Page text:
Box and Dropbox Race for Long-Term Relevancy


The Spanish InquisitionIn case you missed it, Dropbox has followed the path blazed by Box and has integrated with Microsoft Office. While Box integrated on the desktop, Dropbox is integrating with the Office mobile apps and plans to extend it to the Online Office versions. This is a no-brainer move as anything that simplifies people’s ability to work with content within Dropbox helps keep people using both tools.

On top of all this, Microsoft announced that their Android and iOS versions of Office will now be free. Microsoft is clearly trying to maintain their edge on the office productivity world and Dropbox is aiming to stay in front of people’s eyeballs.

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Box v Dropbox v Everyone


While I was at Alfresco, I made a point of ignoring the competition. I always believe that if you can’t win without saying something negative, don’t bother. On the flip side, I didn’t want to draw extra attention to the competition.

Don’t have any of those issues now.

Even though I was quiet, new things still happened. Recently both Box and Dropbox have been making some announcements. While I am not going to go into the details, plenty of people have done that already, I’m going to talk about why any of it matters.

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What Constitutes Industry Leadership?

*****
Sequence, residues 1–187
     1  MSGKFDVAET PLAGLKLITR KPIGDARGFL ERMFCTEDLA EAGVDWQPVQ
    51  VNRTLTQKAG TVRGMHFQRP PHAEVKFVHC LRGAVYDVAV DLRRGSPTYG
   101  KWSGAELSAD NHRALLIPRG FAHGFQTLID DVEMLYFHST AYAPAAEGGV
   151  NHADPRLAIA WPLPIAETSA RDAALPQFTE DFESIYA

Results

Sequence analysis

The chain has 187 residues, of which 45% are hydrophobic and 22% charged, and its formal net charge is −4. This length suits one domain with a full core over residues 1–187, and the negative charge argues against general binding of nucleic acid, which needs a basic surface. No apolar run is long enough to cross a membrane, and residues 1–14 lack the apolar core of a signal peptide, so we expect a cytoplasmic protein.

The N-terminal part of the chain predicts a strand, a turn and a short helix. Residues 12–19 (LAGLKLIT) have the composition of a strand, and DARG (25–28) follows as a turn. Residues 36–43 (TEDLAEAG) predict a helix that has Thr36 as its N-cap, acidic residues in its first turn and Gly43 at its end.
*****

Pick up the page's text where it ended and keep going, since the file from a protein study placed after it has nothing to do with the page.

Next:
File:Aston Martin DBS V12 coupé (front left) b-w.jpgOne of the debates that I have often had with other Information Professionals is the question, Who are the “Leaders” in our industry? This was always up for a good debate because we could never agree on the basic ground rules:

  • What role does the technology play?
  • Do you measure by sales or install base?
  • Do we care what Gartner, Forrester, or others say on the topic?
  • What players are even in our industry?

With all these open questions, it is a debate that usually lasts until someone gets fed up and forces a topic change upon the group by asking, Who is buying the next round?

This is a question that is important for me to address and I thought I would open it up for discussion.

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Box Defends Against Office 365


In case you missed it, Box introduced some new pricing last week. While the details are not relevant right now, the key detail was that if you have only 10 people, your price per user is now $5. This is great if you are a small shop because you don’t need as many features and you do need secure sharing.

So why bring Office 365 into this? Because this new price range is same as the Office 365 Small Business tier. Sure you can get more with Office 365, but Box still has that “easy to use” feature going for it.

Still, why Office 365? Because Office 365 is great for small shops. It bundles email with SharePoint and Lync. For a organizations with minimal to no infrastructure, it is a very quick setup and before you know it, you have your basic productivity tools.